Bella Hadid has shared how being a people-pleaser has affected her mental health.
Speaking to Vogue, the 25-year-old model discussed her struggles with anxiety, leading to what she describes as a burnout in January 2021.
“My immediate trauma response is people-pleasing,” she told the publication. “It literally makes me sick to my stomach if I leave somewhere and someone is unhappy with me, so I always go above and beyond, but the issue with that is that I get home and I don’t have enough for myself."
Following two and a half weeks in a treatment programme and ongoing therapy, Hadid says she's now in a better place emotionally.
“For so long, I didn’t know what I was crying about," she said. "I always felt so lucky, and that would get me even more down on myself.
"There were people online saying, 'You live this amazing life.' So then how can I complain? I always felt that I didn’t have the right to complain, which meant that I didn’t have the right to get help, which was my first problem.”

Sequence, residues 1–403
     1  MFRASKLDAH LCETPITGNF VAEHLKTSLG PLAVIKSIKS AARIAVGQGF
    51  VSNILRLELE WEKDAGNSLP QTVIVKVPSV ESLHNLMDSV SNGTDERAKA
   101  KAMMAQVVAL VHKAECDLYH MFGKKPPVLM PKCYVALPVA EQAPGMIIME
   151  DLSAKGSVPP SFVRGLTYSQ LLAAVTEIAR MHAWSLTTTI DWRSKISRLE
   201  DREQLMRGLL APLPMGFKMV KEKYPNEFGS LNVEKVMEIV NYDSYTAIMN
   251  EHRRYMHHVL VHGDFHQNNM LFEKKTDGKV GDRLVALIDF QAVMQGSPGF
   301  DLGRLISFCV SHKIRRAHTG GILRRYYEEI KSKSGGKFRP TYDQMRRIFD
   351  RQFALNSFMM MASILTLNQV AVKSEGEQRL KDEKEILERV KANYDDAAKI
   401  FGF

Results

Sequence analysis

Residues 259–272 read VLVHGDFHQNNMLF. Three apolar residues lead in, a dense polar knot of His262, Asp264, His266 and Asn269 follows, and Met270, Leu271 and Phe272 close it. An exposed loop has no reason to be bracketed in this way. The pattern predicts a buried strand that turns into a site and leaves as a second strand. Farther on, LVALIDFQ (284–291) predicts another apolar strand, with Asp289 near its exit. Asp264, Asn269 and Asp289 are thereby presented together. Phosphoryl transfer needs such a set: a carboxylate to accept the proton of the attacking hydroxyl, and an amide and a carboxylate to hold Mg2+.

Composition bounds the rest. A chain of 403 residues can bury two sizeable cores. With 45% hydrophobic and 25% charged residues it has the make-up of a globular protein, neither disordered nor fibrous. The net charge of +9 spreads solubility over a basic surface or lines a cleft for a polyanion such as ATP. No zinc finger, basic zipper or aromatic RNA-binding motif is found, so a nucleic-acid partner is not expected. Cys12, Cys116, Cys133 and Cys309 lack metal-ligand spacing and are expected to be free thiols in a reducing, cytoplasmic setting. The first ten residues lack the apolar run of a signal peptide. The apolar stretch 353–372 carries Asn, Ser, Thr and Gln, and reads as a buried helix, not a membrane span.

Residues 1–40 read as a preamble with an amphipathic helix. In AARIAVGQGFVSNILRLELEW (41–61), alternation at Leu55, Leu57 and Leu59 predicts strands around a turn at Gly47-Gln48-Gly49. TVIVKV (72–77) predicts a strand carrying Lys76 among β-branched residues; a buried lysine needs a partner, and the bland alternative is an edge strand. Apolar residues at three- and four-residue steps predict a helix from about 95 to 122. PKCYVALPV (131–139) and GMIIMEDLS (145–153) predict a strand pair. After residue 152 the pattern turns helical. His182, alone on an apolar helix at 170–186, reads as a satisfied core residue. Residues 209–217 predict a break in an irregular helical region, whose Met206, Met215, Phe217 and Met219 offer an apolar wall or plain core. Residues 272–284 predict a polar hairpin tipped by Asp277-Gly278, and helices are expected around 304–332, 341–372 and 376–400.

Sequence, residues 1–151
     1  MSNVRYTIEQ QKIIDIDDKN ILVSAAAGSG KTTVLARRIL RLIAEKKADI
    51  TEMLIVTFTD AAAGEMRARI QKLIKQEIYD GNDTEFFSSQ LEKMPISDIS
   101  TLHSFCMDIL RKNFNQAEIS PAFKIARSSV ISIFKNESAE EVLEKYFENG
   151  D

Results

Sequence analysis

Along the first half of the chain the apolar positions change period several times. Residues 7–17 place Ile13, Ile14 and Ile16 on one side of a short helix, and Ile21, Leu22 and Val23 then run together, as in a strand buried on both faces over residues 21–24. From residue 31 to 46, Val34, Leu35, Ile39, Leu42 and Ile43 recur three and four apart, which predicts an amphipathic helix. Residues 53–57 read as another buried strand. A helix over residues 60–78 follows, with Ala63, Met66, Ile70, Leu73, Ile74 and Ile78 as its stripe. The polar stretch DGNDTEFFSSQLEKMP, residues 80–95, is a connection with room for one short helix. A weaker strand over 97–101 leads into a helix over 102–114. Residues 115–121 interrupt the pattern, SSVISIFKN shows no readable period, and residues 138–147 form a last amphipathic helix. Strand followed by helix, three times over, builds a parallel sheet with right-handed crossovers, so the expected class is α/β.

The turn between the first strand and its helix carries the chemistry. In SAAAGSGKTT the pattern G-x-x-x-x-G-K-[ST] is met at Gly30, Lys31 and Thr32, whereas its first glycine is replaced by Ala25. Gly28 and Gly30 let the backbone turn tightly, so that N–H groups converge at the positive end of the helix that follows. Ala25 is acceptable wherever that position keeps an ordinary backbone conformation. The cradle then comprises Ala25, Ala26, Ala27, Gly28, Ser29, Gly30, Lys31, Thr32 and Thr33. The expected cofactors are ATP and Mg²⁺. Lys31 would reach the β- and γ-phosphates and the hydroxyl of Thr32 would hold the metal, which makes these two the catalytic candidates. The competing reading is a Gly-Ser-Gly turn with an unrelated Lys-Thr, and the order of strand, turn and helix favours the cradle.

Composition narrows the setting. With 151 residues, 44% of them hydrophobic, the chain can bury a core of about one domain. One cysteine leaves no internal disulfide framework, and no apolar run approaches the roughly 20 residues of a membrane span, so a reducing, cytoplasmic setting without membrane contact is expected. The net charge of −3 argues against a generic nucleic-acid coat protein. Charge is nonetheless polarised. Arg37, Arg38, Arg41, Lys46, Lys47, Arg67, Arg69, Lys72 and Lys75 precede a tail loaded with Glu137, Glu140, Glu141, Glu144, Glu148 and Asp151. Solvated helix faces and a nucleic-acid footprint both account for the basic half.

It isn't the first time the model has discussed the effect being a people-pleaser has had on her wellbeing.
Earlier this year Hadid revealed that her "people pleasing" nature created a cycle where she kept returning to men and women who "abused" her.
The model opened up about unhealthy past relationships in which she had no boundaries "sexually, physically, emotionally".
She told Victoria's Secrets' S Voices podcast: "I constantly went back to men and also women that had abused me and that’s where the people-pleasing came in.
"I started not having boundaries – not only sexually, physically, emotionally but then it went into my work space."
She went on to add: "I grew up around men – whether that was in relationships or family or whatever that was – where I was constantly told that my voice was less important than their voice.
"Then moving into relationships growing up, and not having the boundaries of being able to stick up for myself and have my voice being heard, affected me in my adult relationships very intensely, where my nervous system would crash. It was fight or flight."